If you’re a regular reader of this blog, you know that my family and I have experienced some big changes recently. From a new country to a new house, from a new brand of washing powder to new shoe and clothing sizes, in the past two months almost every aspect of daily life has changed.
Although many of these changes have been happy ones, there are times when we crave the familiar.
My daughter, English Rose, just celebrated a birthday. With the mixing bowls, measuring spoons and cake pans buried in the depths of a packing box, and the favourite cake recipe missing in action, we had to buy a cake.
In a town with two artisan bakeries, and several groceries with in-store bakeries, finding a birthday cake should have been straightforward. Except, it wasn’t.
From her first birthday onward, English Rose has had a vanilla sponge cake with icing made from her nana’s recipe. Canadian birthday cakes are rich, sugary confections, with creamy iced roses dear to my heart. When presented with such a cake on an early visit to Canada, English Rose pronounced it “too sweet.” The iced roses were “horrid.”
In the intervening years, her opinion hasn’t changed, and so we searched for a cake in vain. Finally, in our local independent grocery, we met someone who understood.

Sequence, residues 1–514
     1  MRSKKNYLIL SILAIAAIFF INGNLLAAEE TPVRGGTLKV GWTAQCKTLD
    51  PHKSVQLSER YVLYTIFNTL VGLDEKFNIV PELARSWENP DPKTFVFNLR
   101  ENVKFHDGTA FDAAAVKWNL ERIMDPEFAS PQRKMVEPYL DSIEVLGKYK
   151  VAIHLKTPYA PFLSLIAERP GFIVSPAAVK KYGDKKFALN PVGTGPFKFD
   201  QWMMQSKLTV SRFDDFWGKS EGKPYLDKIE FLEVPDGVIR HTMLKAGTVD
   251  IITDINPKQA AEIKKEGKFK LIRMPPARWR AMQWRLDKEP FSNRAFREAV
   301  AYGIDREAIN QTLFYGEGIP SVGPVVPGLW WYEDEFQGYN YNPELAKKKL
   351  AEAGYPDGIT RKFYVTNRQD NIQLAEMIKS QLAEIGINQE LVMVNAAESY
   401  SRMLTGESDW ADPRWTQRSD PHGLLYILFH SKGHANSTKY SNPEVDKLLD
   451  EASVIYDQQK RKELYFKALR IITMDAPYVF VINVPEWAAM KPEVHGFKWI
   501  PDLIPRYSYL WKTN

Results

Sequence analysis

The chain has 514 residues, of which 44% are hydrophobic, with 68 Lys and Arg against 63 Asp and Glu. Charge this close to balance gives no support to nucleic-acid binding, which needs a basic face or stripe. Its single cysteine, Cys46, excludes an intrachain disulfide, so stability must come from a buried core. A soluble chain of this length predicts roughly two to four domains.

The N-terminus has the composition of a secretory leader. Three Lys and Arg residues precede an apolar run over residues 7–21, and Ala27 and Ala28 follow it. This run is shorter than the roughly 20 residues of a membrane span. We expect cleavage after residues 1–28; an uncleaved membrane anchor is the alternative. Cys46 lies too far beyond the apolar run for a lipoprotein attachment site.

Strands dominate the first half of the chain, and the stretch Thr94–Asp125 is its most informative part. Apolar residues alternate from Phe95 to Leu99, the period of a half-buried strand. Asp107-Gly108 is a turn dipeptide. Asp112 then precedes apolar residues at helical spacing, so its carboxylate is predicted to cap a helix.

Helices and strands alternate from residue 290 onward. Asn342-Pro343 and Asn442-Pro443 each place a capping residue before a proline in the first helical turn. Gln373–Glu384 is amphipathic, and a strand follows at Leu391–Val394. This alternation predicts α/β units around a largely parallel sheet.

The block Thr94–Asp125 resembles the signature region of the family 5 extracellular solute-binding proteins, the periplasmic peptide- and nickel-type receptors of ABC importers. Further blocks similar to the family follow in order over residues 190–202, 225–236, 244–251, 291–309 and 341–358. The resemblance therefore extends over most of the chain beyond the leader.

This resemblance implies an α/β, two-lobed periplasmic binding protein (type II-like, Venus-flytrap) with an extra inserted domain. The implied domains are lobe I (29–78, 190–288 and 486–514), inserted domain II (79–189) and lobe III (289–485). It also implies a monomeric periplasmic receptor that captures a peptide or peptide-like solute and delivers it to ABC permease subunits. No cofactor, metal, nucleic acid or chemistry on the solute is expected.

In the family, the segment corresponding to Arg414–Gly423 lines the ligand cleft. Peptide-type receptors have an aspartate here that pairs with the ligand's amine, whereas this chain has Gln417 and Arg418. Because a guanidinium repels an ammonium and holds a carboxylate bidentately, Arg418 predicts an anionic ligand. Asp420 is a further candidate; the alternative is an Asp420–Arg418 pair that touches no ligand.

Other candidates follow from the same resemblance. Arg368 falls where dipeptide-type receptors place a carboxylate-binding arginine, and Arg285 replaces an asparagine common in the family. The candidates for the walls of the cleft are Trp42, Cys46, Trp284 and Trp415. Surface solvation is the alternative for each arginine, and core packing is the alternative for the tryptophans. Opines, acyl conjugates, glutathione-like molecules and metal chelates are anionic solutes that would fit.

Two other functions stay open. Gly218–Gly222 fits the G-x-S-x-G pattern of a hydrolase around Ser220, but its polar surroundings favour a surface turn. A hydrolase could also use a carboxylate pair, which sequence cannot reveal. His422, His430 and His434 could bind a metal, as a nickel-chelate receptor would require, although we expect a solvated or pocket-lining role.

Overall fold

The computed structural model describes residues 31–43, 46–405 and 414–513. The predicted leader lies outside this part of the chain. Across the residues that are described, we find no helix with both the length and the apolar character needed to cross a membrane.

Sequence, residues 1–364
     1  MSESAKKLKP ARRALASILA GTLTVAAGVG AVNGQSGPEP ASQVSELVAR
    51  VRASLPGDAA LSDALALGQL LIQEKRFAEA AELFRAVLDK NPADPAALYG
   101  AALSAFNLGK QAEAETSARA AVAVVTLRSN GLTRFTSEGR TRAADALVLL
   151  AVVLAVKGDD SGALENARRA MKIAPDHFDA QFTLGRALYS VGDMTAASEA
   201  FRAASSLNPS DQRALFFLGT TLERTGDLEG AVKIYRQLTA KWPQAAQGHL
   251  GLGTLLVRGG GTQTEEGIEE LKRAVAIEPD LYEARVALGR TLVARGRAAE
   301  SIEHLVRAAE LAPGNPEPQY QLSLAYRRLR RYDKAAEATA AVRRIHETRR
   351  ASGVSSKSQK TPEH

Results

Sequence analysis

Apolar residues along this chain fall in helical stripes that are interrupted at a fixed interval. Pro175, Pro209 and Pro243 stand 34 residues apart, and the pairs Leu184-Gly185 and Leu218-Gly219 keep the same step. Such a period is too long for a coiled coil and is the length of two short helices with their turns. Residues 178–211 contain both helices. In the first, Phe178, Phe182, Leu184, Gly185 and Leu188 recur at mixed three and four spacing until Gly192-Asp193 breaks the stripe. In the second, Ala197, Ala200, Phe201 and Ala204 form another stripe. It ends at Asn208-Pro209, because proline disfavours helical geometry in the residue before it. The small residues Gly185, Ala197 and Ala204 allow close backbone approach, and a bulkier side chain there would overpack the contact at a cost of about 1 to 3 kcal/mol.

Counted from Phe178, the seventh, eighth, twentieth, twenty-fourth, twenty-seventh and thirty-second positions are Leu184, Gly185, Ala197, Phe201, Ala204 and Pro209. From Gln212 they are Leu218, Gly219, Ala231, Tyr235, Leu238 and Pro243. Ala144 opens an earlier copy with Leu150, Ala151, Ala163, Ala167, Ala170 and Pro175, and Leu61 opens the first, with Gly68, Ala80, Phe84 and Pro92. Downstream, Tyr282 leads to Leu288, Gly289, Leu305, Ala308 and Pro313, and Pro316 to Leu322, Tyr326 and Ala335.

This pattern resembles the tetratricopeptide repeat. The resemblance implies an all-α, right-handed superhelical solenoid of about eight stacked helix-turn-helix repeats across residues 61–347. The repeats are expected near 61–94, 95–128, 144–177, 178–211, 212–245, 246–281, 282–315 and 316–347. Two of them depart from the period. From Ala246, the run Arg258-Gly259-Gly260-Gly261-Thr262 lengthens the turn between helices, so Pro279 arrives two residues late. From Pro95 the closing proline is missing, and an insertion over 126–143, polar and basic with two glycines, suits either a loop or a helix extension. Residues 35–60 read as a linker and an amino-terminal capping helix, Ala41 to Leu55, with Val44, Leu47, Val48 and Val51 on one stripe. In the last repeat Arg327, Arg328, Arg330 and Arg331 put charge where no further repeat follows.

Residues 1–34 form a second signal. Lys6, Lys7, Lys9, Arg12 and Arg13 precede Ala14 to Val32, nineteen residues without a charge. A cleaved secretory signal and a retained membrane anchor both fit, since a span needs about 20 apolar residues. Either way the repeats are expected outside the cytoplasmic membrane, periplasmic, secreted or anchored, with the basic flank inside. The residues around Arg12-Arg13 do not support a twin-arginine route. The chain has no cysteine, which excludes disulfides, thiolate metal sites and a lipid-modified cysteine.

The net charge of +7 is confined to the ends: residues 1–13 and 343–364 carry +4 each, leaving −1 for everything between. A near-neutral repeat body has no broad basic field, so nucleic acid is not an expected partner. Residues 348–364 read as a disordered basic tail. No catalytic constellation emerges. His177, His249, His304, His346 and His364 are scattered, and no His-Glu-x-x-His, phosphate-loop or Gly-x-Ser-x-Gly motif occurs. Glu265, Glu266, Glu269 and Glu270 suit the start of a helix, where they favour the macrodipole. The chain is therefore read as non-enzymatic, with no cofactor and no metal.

Colleen has never been to England, but she recognized why something familiar was important. With a motherly smile, she suggested a pie.
English Rose shook her head.
What about a fruit crumble?
Another head shake.
Colleen rummaged on a display table and produced a round cake. It was like a sponge cake, but made with apple and cinnamon, and drizzled with caramel frosting. It wasn’t a traditional birthday cake, but nevertheless had a festive air.
English Rose studied the cake for a long moment. Then she beamed at Colleen and nodded.
Once home, we unpacked a special cake plate, and added candles and the china animals which have graced all of English Rose’s birthday cakes over the years.
While it was new, it was also familiar.
The next day, we discovered a shop which imports British food. There, amidst the Walkers crisps, Yorkshire tea and Heinz beans, we spotted a Victoria sponge cake mix. I’m keeping one on hand, just in case, because it’s the familiar which brings consistency to cope with change.
Besides, everywhere you go, you bring a bit of home with you.
At times of change, what familiar foods or traditions comfort you?